Sunday, November 15, 2009

Namiki Falcon & Cross ATX

This summer I celebrated my fiftieth birthday. And my affection for fountain pens was no mystery to my family and friends. Even knowing that, I was surprised by the quality and quantity of pens that I received. So much so that it will take a few posts to describe and review them all. These are the four fountain pens that I received: Cross ATX Basalt Black XF point, Namiki Falcon soft/fine point, Taccia Portugese black & silver medium point and a Laban Mento Tiger Pearl medium point. Two of them are outstanding writers (Namiki & Taccia), one is a very pleasant writer (Laban) and the last is an adequate writer (Cross).

Namiki Falcon.
The Namiki Falcon has a "soft-fine" nib, which is nothing like any other pen that I have used. When you read reviews on blogs and the FPN where people describe the one pen that "they can't live with out", this is one of those most frequently mentioned - and I can see why. The nib is 14kt gold and has a hump or bend in the middle that increases its flexibility. Since a Japanese fine point is more like an American extra-fine point, this flexibility greatly improves the feel of writing with this pen: you receive a very fine line without the feedback or scratchiness of an XF steel nib. In addition, the pen responds well to variations in pressure, so that there is a slight brush effect when you write. Thank you to my dear friend for this marvelous gift!

Cross ATX.
By contrast, the Cross ATX with its steel XF nib is extremely rigid and not all that pleasant to write with. I specifically "requested" this pen because I love the look and design of the ATX series (and it was on sale), especially the way the clip extends from the top of the cap down. It has a simple elegance that hints of Art Deco and is made of brass and chrome with a tactile matte black finish. One of the first fountain pens I ever purchased was the same series with a medium point nib (pictured below), along with a roller ball, ball point, and pencil - all in basalt black.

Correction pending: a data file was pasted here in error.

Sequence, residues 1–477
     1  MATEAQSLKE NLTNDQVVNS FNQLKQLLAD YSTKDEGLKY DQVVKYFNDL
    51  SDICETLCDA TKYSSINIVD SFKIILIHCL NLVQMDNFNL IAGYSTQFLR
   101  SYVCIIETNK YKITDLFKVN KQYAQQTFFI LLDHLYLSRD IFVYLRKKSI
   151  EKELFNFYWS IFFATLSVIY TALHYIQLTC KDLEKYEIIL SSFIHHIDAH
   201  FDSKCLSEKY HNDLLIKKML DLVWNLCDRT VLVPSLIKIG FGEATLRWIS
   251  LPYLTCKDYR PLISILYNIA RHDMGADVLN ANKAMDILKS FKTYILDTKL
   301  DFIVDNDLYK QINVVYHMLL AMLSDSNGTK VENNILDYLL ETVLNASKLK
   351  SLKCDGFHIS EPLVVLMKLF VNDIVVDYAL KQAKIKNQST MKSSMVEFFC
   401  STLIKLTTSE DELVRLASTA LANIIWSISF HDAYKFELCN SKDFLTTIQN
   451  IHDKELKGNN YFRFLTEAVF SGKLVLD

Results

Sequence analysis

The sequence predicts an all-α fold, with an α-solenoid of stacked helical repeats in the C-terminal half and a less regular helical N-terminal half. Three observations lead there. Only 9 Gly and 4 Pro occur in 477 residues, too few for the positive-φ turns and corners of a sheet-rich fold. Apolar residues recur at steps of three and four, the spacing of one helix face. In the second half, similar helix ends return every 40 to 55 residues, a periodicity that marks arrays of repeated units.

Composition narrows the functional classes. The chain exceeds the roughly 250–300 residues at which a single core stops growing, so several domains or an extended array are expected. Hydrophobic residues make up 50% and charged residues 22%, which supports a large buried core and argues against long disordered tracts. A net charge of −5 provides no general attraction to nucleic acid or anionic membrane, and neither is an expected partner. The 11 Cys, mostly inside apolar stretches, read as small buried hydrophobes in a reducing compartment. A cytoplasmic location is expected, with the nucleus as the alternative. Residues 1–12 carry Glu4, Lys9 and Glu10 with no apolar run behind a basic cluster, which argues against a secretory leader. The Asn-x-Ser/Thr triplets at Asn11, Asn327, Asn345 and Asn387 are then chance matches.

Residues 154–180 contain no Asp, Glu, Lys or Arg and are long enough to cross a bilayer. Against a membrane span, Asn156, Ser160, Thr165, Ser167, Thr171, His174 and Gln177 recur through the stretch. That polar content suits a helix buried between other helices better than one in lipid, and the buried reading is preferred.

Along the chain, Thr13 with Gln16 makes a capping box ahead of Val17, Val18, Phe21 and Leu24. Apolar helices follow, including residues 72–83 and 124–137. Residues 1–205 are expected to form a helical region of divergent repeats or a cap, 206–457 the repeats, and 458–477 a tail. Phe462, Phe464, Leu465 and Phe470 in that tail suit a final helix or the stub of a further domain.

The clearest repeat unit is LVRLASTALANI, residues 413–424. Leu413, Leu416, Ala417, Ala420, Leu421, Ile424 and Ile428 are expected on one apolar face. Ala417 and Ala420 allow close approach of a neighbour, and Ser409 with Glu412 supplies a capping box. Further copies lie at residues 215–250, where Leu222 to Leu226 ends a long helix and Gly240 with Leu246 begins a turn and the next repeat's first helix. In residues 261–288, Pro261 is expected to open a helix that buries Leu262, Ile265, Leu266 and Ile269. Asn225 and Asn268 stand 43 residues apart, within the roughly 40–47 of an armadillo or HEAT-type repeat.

I bought the XF to complete the set. All of my other Cross ATX pens were made in the USA, but this last one was manufactured in China. This was quite a disappointment - not that I have any disdain for the Chinese but one of the reasons why I liked Cross so much was that it was American made, because so many of the quality pen manufacturers are either European or Japanese. Apparently Cross was aware of this because they used to print "USA" on the pen caps. I still think the ATX series is a great design - comparable to the look of the Lamy Studio, but the writing quality does not measure up. When I want to write in fine and extra fine I will pick up the Namiki Falcon or Lamy Studio instead.


Sheila said...

Van, I had no idea about this habit of yours. I love pens, too, just can't afford them. My husband would say I'm a stationery addict, though.

And our blogs have the same template. Funny.

I just found this via what you wrote on Facebook. How funny the Internet is.


Vanrensalier said...


You can find fountain pens to fit any budget. See my write-up below on the "Pilot Petite". Trust me - I can't afford the $100 pens right now either. There are even a few $5.00 (shipping included) ft pens that you can order on EBay from China.

I am not so knowledgeable about stationary but the quality of paper and ink makes a huge difference when you are using a ft pen - they aren't as forgiving as ball pt and roller ball. Funny about the stationary comment: I just wrote to a printer last night - I'm thinking about designing some stationary to sell. I can't ever find stationary that I really like. So, figure some others feel the same . . . well maybe just men. There's plenty of feminine looking stationary, but men seem to be stuck with plain white or ivory paper. Of course, men probably don't write as much either. Thanks for the comment!

Kim said...

Oh yes - that Falcon has been on my wish list for a while now. I've never actually written with one, but I only once heard anything bad about it; at a pen show someone was sort of talking down about its flexibility. I guess it's not a true flex nib so that's fine.

Vanrensalier said...

Keep it on your wish list: I don't have very many gold-nib pens but of those I have, the Falcon is the most flexible by far.